If the newly released short Croissant de Triomphe is any indication, this will be a handsome and distinctive series, featuring a mixture of Cartoon Modern-styled backgrounds, Thirties-influenced character designs (complete with pie-cut Mickey eyes), and loose, expressive animation. It’s easily one of the best revivals of a classic cartoon character that I’ve seen, remaining faithful to the original while adding a fresh visual twist. The three-and-a-half-minute running time of the first short is perfect, too. It’s great that studios are awakening to the fact that there can be other lengths besides 7- and 11-minute episodes.
My prime observation about the first short Croissant de Triomphe is that it struggles to find the humor in its set-up, which is Mickey driving around Paris on a scooter. Outside of a handful of lukewarm attempts at gags (including Minnie’s tonsils appearing in a phone, nuns knocked into the air like bowling pins who then float down, an appearance by Cinderella), the cartoon emphasizes frenzied videogame-influenced action sequences over slapstick. Even obvious gag set-ups—for example, Mickey dressed as a knight and lancing croissants—have no comedic payoff.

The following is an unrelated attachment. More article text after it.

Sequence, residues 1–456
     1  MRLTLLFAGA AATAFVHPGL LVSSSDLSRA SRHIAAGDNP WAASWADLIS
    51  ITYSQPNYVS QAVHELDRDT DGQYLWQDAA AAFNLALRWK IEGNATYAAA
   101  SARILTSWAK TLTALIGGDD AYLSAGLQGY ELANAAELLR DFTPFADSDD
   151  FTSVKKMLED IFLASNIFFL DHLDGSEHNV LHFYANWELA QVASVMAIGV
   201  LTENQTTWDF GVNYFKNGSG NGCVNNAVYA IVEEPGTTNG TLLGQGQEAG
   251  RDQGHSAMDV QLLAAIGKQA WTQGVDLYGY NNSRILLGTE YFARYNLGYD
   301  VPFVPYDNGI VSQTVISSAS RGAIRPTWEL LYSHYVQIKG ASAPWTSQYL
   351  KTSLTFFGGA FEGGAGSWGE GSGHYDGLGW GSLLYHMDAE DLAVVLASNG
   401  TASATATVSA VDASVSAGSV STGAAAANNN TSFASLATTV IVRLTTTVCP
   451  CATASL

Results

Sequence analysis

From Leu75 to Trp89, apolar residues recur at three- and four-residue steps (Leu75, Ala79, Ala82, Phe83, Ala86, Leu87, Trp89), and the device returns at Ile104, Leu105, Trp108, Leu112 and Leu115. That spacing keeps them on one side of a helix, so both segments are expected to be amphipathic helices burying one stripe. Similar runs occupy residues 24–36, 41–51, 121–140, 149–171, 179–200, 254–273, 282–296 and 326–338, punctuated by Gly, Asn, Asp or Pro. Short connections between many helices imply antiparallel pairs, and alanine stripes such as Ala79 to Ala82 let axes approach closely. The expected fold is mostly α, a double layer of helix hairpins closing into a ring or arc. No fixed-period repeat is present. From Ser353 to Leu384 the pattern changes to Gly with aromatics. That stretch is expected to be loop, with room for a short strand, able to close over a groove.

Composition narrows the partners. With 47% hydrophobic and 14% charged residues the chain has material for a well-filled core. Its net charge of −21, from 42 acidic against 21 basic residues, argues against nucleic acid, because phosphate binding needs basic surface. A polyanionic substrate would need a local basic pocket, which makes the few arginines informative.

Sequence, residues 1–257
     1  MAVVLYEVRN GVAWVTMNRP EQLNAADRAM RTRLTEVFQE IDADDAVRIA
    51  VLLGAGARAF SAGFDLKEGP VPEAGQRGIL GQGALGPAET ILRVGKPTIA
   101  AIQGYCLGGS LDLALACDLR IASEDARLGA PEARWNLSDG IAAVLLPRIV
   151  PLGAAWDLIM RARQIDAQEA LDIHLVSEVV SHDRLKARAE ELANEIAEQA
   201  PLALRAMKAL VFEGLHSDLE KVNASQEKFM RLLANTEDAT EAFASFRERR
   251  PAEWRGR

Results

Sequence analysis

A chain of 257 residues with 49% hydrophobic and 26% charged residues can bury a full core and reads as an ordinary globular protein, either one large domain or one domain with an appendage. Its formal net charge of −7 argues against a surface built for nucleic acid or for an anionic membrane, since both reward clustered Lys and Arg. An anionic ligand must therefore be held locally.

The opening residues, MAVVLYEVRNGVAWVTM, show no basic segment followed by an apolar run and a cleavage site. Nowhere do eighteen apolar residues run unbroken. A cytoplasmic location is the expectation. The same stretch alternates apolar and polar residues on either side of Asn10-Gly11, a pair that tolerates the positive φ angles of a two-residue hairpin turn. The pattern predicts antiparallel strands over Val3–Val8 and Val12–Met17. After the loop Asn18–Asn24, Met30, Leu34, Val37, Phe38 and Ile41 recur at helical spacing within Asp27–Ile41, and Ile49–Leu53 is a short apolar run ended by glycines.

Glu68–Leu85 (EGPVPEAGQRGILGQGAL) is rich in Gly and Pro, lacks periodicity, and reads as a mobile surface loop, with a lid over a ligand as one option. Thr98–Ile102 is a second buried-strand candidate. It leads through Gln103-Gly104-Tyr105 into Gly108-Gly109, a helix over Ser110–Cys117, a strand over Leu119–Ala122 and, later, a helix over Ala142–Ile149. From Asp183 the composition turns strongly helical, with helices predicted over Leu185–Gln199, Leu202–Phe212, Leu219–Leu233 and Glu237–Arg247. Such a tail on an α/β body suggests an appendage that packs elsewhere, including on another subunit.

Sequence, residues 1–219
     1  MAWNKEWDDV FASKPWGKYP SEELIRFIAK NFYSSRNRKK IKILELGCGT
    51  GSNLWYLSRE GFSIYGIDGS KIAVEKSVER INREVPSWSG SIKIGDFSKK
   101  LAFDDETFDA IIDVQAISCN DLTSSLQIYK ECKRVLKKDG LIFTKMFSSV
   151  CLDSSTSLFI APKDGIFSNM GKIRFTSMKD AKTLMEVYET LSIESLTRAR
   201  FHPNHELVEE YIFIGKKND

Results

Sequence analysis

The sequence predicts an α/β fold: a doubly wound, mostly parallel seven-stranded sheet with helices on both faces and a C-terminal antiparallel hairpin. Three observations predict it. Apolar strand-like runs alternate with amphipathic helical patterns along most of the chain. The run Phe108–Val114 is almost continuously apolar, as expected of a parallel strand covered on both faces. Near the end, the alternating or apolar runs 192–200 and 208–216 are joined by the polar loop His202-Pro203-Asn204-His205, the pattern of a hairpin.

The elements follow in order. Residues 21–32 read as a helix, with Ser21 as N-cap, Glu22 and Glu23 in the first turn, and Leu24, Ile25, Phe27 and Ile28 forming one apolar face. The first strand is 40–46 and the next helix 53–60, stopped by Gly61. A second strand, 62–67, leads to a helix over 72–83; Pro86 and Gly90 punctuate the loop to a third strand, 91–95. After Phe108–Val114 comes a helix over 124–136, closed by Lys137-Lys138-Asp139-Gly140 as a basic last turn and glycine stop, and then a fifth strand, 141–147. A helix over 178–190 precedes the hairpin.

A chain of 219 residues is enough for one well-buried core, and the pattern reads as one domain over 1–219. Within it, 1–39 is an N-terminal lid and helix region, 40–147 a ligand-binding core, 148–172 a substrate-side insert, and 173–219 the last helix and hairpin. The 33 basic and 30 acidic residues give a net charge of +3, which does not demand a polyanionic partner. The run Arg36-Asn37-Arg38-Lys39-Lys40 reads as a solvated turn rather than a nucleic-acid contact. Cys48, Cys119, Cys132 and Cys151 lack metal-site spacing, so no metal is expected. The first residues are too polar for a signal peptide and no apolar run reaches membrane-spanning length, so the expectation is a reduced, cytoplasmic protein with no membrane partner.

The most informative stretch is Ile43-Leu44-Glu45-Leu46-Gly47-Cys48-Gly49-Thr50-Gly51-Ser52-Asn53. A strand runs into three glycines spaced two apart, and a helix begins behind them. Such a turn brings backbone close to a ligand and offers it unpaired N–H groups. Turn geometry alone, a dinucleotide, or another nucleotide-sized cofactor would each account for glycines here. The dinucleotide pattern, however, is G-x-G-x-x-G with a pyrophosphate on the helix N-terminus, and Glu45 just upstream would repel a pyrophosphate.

Whatever may have been lacking in the classic Mickey shorts, they at least emphasized personality-driven humor, something that is completely absent in this new short, which relies on conventional situation-based comedy. Hopefully as the crew finds its footing, they will be able to balance the accomplished action sequences with a more spirited comic sensibility.
UPDATE: Andy Suriano, who worked on these new shorts, has updated his blog with a complete list of everybody who worked on the cartoons at Disney. It’s one heck of a line-up:
Alonso Ramirez Ramos
Animation produced at Mercury Filmworks (Ottawa)